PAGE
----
Deliberative structures and their impact on voting under economic conflict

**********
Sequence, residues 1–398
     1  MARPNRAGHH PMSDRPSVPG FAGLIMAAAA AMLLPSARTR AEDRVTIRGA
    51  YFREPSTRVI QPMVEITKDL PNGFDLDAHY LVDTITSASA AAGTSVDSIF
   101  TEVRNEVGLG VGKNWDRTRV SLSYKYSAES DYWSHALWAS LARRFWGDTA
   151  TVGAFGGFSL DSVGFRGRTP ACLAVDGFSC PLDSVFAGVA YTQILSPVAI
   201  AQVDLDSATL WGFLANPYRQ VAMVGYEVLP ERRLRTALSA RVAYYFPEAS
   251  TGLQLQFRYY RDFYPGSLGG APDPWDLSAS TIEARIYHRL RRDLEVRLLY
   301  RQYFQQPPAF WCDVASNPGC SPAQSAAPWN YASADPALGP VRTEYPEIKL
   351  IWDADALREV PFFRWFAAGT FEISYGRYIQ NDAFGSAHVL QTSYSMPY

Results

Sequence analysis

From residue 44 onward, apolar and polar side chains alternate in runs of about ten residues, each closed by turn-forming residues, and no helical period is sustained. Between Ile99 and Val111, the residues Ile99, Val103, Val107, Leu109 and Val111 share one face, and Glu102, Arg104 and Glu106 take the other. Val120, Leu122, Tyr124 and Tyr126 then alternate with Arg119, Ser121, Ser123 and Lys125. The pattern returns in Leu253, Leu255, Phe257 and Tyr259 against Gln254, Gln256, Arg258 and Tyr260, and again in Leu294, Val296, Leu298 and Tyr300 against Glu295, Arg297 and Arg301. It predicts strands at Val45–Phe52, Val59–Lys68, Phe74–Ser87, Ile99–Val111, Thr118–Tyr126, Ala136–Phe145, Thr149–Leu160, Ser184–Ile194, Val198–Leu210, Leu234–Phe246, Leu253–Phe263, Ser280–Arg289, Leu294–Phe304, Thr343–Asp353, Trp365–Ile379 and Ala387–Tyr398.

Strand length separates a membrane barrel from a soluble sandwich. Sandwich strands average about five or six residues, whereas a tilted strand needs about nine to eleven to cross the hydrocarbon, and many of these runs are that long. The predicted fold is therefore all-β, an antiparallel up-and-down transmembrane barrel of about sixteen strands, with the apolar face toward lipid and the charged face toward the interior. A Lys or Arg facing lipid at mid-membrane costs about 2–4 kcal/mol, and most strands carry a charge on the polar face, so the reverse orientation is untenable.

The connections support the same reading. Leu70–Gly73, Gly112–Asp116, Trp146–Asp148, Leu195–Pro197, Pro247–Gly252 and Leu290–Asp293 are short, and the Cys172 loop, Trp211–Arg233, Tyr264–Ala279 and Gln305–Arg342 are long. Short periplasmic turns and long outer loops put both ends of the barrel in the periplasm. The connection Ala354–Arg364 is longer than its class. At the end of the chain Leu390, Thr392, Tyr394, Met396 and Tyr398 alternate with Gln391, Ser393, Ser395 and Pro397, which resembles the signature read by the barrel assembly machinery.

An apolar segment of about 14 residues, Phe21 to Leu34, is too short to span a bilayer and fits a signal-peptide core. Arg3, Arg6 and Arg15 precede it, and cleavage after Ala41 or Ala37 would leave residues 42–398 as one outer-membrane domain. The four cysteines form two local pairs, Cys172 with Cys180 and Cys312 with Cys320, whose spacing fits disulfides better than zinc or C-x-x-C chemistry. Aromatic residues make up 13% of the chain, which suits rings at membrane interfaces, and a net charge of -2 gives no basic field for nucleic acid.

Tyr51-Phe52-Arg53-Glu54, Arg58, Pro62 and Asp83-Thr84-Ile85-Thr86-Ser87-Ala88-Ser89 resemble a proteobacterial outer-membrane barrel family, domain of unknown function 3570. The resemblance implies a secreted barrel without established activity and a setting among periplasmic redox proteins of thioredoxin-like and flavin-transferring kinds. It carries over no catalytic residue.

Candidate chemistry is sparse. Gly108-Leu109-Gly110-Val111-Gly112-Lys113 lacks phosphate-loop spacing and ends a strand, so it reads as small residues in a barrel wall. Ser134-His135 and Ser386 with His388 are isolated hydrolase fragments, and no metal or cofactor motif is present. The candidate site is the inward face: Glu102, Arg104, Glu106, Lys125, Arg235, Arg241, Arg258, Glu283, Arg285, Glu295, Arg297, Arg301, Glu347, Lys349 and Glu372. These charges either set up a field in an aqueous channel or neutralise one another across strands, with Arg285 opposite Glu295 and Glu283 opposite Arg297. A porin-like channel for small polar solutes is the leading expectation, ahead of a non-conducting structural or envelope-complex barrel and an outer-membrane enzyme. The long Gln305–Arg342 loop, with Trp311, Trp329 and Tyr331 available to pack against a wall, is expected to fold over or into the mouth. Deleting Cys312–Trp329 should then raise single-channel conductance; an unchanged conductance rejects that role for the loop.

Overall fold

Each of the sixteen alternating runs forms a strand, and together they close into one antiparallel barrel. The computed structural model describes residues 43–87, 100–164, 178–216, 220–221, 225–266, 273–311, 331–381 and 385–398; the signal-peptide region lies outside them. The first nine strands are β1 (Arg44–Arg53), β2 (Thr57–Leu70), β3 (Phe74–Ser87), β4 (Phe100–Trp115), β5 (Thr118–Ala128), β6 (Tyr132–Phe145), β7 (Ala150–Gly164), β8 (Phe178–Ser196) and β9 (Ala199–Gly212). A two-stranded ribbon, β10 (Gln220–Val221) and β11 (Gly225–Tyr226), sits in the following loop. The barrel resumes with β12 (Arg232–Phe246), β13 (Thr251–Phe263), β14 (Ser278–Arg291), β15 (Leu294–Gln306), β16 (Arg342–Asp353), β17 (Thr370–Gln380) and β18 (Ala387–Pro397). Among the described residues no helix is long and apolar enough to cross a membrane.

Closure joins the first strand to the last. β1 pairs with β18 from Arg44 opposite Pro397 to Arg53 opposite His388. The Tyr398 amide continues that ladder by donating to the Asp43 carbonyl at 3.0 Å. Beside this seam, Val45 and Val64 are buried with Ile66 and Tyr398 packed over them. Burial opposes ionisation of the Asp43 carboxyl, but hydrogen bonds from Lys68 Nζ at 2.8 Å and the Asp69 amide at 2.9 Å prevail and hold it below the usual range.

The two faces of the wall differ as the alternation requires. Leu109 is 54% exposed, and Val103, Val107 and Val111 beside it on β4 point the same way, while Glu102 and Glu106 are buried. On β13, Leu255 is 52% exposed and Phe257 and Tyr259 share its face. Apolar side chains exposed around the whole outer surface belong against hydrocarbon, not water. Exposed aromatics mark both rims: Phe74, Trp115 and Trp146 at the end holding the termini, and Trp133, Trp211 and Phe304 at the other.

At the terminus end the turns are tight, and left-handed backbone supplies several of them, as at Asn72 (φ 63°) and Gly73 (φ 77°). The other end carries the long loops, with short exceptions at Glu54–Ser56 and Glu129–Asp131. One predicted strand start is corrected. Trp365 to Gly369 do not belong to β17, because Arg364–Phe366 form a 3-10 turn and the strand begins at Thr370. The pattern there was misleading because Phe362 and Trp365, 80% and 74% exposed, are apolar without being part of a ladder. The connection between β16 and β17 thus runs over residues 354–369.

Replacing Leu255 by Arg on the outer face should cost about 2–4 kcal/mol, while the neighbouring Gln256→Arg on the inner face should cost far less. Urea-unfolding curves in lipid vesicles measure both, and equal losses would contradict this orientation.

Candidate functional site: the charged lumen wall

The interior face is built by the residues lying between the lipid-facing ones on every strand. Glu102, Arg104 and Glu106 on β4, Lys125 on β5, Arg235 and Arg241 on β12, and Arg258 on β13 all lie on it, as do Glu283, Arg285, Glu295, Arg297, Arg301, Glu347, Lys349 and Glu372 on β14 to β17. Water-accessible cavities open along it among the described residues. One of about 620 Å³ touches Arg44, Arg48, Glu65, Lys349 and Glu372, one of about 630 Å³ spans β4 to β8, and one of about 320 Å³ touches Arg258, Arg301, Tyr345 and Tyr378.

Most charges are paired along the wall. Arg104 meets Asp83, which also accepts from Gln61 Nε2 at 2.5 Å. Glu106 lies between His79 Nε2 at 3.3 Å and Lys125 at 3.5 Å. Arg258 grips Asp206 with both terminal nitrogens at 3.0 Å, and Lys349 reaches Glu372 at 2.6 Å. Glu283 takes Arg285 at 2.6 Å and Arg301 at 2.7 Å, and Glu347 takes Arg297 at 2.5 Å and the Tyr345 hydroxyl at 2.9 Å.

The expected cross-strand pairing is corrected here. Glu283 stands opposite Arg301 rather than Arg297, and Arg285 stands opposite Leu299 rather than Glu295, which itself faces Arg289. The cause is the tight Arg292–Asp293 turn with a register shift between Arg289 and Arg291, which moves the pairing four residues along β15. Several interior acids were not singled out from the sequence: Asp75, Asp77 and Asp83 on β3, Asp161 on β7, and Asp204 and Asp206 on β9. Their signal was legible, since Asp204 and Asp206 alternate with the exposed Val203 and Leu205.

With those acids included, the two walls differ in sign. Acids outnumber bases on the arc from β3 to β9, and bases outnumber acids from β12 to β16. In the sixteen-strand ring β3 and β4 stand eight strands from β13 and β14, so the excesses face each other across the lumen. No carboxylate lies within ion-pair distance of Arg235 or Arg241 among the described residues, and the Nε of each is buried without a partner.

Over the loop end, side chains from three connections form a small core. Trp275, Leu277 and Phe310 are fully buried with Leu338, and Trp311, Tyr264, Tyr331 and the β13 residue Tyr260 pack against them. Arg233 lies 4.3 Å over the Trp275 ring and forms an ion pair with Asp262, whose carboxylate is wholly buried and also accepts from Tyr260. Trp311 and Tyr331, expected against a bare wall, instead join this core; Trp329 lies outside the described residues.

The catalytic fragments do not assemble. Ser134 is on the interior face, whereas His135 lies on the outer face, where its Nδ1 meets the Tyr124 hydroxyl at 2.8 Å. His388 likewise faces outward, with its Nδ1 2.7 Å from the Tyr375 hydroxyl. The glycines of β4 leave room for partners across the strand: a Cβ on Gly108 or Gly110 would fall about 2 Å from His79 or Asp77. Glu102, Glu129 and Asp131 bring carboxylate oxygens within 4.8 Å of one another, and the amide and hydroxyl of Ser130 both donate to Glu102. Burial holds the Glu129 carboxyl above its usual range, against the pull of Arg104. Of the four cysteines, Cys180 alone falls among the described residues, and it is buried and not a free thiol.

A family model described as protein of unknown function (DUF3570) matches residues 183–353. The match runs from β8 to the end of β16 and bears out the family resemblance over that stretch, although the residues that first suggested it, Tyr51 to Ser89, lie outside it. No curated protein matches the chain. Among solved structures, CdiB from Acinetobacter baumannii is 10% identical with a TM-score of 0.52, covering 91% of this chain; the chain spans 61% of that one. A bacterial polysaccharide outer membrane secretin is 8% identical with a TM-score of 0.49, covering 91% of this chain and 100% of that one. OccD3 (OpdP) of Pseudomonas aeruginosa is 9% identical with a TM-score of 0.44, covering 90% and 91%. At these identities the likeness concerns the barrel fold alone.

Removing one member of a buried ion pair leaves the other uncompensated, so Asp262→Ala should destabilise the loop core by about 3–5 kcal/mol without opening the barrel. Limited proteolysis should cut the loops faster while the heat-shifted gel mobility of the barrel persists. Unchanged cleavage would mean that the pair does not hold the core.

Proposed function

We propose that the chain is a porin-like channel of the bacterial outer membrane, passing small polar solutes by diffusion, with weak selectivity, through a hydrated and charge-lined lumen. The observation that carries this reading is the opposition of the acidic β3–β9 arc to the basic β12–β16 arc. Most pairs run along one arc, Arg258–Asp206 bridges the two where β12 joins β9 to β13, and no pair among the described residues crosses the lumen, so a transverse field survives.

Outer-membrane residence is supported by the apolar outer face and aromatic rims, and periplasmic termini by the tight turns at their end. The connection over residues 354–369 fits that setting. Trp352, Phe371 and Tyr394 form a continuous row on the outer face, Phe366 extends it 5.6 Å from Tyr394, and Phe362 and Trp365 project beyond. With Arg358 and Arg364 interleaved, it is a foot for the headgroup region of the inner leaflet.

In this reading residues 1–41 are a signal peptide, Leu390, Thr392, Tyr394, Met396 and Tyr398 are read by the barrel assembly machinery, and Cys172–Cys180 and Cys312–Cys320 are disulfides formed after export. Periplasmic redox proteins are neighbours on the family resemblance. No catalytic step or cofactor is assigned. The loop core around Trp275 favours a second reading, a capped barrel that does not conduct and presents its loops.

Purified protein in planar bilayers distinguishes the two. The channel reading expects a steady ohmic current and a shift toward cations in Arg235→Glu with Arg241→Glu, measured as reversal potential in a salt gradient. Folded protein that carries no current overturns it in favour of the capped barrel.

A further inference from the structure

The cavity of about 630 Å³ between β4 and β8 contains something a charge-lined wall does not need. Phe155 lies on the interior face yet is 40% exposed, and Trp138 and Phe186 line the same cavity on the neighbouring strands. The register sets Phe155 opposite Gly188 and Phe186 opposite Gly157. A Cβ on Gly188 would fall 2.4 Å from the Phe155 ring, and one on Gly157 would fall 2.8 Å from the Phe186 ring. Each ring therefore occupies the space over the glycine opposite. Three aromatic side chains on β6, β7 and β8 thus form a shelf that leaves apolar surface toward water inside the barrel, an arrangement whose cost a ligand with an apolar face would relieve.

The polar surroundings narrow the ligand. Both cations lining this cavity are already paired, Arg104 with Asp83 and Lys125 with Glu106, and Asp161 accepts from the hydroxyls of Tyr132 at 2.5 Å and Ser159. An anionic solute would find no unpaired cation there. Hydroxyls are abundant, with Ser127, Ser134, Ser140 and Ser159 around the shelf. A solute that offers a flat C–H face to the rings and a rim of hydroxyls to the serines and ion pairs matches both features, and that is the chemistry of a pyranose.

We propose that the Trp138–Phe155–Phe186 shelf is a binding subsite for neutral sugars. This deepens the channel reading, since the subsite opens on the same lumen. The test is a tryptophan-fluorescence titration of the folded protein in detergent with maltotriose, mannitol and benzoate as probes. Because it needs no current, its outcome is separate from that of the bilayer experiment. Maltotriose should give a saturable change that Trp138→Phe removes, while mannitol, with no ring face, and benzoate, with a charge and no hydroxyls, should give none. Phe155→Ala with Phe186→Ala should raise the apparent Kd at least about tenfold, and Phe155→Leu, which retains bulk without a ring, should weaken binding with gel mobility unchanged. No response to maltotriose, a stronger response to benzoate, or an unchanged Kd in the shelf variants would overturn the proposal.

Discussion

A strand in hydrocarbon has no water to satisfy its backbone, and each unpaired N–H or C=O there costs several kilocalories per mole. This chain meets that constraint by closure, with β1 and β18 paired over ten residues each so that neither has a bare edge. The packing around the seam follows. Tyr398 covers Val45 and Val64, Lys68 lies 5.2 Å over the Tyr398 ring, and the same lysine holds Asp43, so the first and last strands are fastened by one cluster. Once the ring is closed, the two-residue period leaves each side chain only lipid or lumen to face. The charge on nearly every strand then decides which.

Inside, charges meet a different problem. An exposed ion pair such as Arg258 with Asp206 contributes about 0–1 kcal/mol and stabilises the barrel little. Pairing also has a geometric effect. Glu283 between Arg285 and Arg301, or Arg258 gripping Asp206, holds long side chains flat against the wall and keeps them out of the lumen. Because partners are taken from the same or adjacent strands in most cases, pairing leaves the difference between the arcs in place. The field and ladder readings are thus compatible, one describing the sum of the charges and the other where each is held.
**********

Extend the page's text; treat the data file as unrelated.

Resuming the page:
Inequalities in democracies not only involve economic differences, but also differences in access to information and social influence. We identify the tragedy of the informed: Privileged access to information about economic conditions can create lying incentives. In a laboratory experiment, we study an electorate that consists of two groups, one informed and one uninformed about an uncertain state of the economy. Incentives depend on this state. Before voting the two groups can communicate. In addition to a treatment without communication, we study three different deliberative structures that vary in how much the uninformed can partake, i.e., in inclusiveness. We hypothesize that these deliberative structures affect preferences and voting and that their efficiency-enhancing effect on voting outcomes increases with increasing inclusiveness. This predicted efficiency ranking is confirmed by the data, but the differences in total expected earnings are not statistically significant, despite significant differences in voting behavior. We find three reasons for this unpredicted flatness of the efficiency ranking: First, the uninformed do not anticipate how lying behavior of the informed varies with the deliberative structure. Second, compared to the other deliberative structures, fully inclusive deliberation better allows the uninformed to coordinate – not only alongside the informed, but also against them. Third, the back-and-forth of communication and votes leads to growing animosity between the informed and the uninformed and hence to a deterioration of economic consensus.